It is argued that collaboration by various state departments, those in schools, as well as the communities within which the schools are situated, is necessary to bring about social justice. Mention is also made of a number of comprehensive multi-disciplinary strategies which take proper cognisance of the relationship between social-historical context and the problem of discipline.
The authors emphasize the role that educators can play in promoting the idea of a democratic society where people act independently and responsibly, inside as well as outside the school. It is the authors' conviction that the idea of a democratic society is appropriate for South Africa as the country and its people are striving to move away from its apartheid past to a long-term commitment to non-racialism, non-sexism and the achievement of social justice in all spheres of private and public life. The article strongly argues that educators should be equipped with this orientation - which the narrowly defined strategies aimed at dealing with disciplinary problems are lacking. The key argument that the article poses is that the implementation of these narrowly defined strategies in isolation is insufficient and could be of greater value as part of more comprehensive, multi-disciplinary strategies which take proper cognisance of the relationship between social-historical context and disciplinary problems.
The view is supported that learners be taught to live in peace daily, without uncertainty and ambivalence, to respect different viewpoints, be critical and self-critical, have an open mind, and with the courage to take responsibility for their choices and the consequences thereof.
According to the authors, such a view of education can motivate learners to act responsibly and could go a long way in ensuring that disciplinary problems in schools are eradicated.

Key concepts: Discipline, socio-historical context, multi-dimensional approach, democracy, collaboration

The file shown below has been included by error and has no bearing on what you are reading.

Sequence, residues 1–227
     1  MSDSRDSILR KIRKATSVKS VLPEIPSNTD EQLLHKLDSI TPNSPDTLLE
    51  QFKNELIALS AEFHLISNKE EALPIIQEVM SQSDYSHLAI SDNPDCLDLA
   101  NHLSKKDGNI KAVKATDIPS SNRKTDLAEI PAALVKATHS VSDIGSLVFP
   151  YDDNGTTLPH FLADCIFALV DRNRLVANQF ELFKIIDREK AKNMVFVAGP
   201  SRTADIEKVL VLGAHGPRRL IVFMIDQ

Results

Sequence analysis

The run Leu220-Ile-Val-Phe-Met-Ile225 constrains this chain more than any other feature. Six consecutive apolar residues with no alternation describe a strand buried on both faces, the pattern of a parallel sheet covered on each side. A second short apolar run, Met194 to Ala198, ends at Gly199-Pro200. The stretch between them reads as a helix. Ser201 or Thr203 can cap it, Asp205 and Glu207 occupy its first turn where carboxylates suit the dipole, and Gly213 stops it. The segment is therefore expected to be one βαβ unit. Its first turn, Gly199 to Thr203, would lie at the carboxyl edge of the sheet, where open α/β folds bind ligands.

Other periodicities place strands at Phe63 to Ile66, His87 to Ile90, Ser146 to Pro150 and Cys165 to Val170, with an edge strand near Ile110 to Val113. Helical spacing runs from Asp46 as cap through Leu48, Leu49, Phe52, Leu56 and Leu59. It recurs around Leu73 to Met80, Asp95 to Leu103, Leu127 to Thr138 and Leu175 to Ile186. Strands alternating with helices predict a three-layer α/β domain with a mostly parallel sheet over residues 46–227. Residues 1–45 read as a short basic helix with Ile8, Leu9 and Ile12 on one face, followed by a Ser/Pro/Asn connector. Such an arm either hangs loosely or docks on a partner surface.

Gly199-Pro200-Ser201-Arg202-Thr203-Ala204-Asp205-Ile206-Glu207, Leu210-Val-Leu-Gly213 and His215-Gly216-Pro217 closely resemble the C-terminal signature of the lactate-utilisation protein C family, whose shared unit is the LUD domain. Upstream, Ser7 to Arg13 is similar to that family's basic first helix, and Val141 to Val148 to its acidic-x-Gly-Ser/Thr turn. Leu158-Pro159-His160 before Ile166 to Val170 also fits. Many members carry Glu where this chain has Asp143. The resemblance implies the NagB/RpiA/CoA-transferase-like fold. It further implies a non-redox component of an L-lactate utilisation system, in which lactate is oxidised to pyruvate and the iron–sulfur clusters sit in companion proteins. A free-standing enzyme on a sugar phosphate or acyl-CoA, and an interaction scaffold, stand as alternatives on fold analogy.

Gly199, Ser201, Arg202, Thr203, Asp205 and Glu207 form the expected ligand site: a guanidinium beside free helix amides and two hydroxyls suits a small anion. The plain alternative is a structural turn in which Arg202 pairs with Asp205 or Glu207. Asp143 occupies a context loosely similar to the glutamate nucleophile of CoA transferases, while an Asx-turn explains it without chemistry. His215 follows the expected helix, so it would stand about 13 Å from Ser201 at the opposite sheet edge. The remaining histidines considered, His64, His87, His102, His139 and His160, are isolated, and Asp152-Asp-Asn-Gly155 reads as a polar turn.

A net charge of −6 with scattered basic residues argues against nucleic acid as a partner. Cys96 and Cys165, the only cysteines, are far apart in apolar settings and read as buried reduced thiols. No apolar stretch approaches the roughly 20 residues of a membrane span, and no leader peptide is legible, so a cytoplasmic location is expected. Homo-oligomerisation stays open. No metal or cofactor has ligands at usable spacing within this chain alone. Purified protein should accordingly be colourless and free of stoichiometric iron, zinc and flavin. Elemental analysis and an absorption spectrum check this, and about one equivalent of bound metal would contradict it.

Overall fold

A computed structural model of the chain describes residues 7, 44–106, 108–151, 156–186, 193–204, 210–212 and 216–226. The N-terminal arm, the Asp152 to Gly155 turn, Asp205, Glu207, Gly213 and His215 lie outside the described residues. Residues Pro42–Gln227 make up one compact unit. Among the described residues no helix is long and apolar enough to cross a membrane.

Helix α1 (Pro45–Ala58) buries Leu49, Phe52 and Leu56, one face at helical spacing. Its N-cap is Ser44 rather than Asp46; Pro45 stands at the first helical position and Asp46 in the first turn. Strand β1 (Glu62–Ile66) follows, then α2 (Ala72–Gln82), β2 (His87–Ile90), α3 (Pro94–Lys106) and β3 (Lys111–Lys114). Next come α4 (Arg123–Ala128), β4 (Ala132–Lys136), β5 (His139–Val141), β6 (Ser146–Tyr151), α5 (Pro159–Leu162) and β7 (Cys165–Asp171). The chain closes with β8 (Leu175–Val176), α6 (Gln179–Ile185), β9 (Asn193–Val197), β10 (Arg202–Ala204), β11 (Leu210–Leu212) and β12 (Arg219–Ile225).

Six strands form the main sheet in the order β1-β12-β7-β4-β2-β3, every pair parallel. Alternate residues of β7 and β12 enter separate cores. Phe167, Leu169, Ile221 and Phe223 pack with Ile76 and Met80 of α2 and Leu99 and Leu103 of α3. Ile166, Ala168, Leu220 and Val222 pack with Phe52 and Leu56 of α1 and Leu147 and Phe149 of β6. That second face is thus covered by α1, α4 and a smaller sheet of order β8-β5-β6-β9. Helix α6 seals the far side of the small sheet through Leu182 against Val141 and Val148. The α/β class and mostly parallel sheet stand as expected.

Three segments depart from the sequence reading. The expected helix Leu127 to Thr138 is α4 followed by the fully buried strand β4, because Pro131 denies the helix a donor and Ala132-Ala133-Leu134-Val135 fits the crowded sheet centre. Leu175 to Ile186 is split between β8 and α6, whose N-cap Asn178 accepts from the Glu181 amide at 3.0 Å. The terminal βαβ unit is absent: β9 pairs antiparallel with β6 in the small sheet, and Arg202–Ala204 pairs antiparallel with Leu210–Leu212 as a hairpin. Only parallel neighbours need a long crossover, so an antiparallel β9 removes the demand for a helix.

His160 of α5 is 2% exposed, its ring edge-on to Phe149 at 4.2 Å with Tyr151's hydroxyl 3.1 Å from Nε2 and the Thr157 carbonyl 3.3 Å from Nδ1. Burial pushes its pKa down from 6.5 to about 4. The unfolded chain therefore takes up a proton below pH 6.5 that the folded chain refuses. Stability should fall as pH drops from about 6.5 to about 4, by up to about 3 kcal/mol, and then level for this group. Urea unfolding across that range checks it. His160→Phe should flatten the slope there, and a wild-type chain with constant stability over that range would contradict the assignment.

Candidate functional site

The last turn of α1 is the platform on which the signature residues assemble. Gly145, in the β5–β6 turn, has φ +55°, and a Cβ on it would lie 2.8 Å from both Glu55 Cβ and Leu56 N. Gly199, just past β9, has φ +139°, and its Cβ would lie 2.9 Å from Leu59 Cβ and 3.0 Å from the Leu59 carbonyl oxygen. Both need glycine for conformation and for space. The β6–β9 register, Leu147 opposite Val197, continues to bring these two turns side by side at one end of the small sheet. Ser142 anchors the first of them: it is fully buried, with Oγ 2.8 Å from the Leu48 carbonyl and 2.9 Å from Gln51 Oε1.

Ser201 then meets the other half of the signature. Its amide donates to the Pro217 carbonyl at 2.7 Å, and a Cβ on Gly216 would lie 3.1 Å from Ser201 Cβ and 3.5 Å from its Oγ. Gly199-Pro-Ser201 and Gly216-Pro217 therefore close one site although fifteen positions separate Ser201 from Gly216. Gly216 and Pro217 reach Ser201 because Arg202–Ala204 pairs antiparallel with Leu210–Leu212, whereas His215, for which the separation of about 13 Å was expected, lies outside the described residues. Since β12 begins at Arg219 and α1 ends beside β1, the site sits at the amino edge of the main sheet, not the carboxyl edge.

Full text available only in PDF format. 

 

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Trevor van Louw dien sedert 2007 as direktem van die Sentrum vir Onderwysleierskap en -Bestuur van die Universiteit van Stellenbosch (Selebous) Die sentrum word in die Fakulteit Opvoedkunde gehuis ves en fokus op die ontwikkeling van die kapasiteit van onderwysbestuurslui. Hy was voor sy huidige posisie 'n sekondêre skool onderwyser, kurrikulum adviseur en projekbestuurder van skoolverbeteringsprojekte in Weskaapse skole.

Sy navorsingsbelangstellings fokus op Onder-wysleierskap en -bestuur, geheelskoolontwikkeling en skoolverbetering.

Hy dien tans op die bestuur van Lead Link, 'n netwerk van organisasies in Suider- en Oos-Afrika wat fokus op die kapasiteitsverbetering van bestuurslui in die onderwys.

Trevor van Louw has been serving as Director of the Centre for Educational Leadership and Management of the University of Stellenbosch (CELEMUS) since June 2007. The centre is accommodated in the Faculty of Education and focuses on the development of the capacity of educational leaders. He served as a secondary school educator, curriculum advisor and project manager of school improvement projects in Western Cape schools.

His research interest involves educational leadership and management, whole school development, and school improvement.

He is currently serving on the executive of the Lead Link, Network of Organisations in Southern and Eastern Africa which focuses on capacity development of managers in Education.

Yusef Waghid is Professor in die Filosofie van die Opvoedkunde en dekaan van die fakulteit Opvoedkunde aan die Universiteit van Stellenbosch. Sy huidige navorsing fokus op beraadslagende demokratiese onderwys, burgerskap en kosmopolitanisme.

Yusef Waghid is Professor of Philosophy of Education and Dean of the faculty of Education at Stellenbosch University. His current research focuses on deliberative democratic education, citizenship and cosmopolitanism.